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Extreme Programming Installed

Book Description

  • Software that performs required tasks and meets expectations

  • Accurate estimation of time to completion and cost of development

  • The opportunity to decide which features to include and which to defer

  • Frequent small releases that incorporate continual customer feedback

  • Constant integration and automated testing that insures clean code and robust performance

  • These are some of the many benefits of Extreme Programming (XP), a software development approach especially geared for smaller teams facing vague or rapidly changing requirements. Despite the "extreme" in its name, XP actually reduces risks--the risk of putting out software that is faulty, out of date at its release, over budget, or not fully capable of performing the tasks for which it was intended. Initially considered radical, XP has proven itself successful and is entering the mainstream of software development. The greatest challenge now facing software development managers and engineers is how to implement this beneficial approach.

    Extreme Programming Installed explains the core principles of Extreme Programming and details each step in the XP development cycle. This book conveys the essence of the XP approach--techniques for implementation, obstacles likely to be encountered, and experience-based advice for successful execution.

    You will learn the best approaches to

  • Working with an on-site customer

  • Defining requirements with user "stories"

  • Estimating the time and cost of each story

  • Delivering small, frequent releases

  • Performing constant integration and frequent iterations

  • Running design sessions to help programmers move forward with confidence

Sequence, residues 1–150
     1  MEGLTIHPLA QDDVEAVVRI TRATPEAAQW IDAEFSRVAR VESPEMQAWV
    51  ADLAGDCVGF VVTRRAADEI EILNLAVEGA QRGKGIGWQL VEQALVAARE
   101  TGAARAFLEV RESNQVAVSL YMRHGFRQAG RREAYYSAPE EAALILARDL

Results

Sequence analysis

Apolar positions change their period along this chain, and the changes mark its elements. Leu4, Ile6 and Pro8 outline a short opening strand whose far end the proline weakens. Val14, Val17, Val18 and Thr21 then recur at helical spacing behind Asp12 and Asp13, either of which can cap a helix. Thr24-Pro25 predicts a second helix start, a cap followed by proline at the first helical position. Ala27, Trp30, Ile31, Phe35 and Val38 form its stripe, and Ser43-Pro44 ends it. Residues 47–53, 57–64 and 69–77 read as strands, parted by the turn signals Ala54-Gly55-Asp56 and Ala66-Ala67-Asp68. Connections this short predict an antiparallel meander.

• xUnit automated testing

  • Handling defects in the fast-paced, team-oriented XP environment

  • How to refine estimates and steer the development effort through frequent changes

  • The authors present the personal reflections of those who have been through the eXtreme Programming experience. Readers will benefit from first hand accounts of hard-won wisdom on topics such as the art of estimation, managing development infrastructure, solving problems without finger-pointing, the importance of simplicity, and how to introduce modern development tools into an environment where none existed.



    0201708426B04062001

    Table of Contents

    1. Copyright
    2. Foreword
    3. Preface
    4. Acknowledgments
    5. Extreme Programming
      1. The Customer Role
      2. The Programmer Role
      3. The Manager Role
      4. Rights and Responsibilities
      5. Project Flow
    6. The Circle of Life
    7. On-Site Customer
      1. On-Site Customers Do Real Work
      2. If the Customer Can't Be There
      3. Summary
    8. User Stories
      1. Starting with Stories
      2. Sample Stories
      3. Stories Are Promises for Conversation
      4. Do Programmers Ever Write Stories?
      5. How Many Stories Do You Need?
      6. Can Stories Be Too Big or Too Small?
      7. What if You Don't Have All the Stories?
      8. What's the Next Step with Stories?
    9. Acceptance Tests
      1. Automating the Tests
      2. Timeliness
    10. Acceptance Test Samples
    11. Story Estimation
      1. During Project Flow, Estimate by Comparison
      2. Early on, Start with Intuitive Time Estimates
      3. Spike Solution
      4. Spiking for Estimation
      5. Estimation Summary
    12. Interlude: Sense of Completion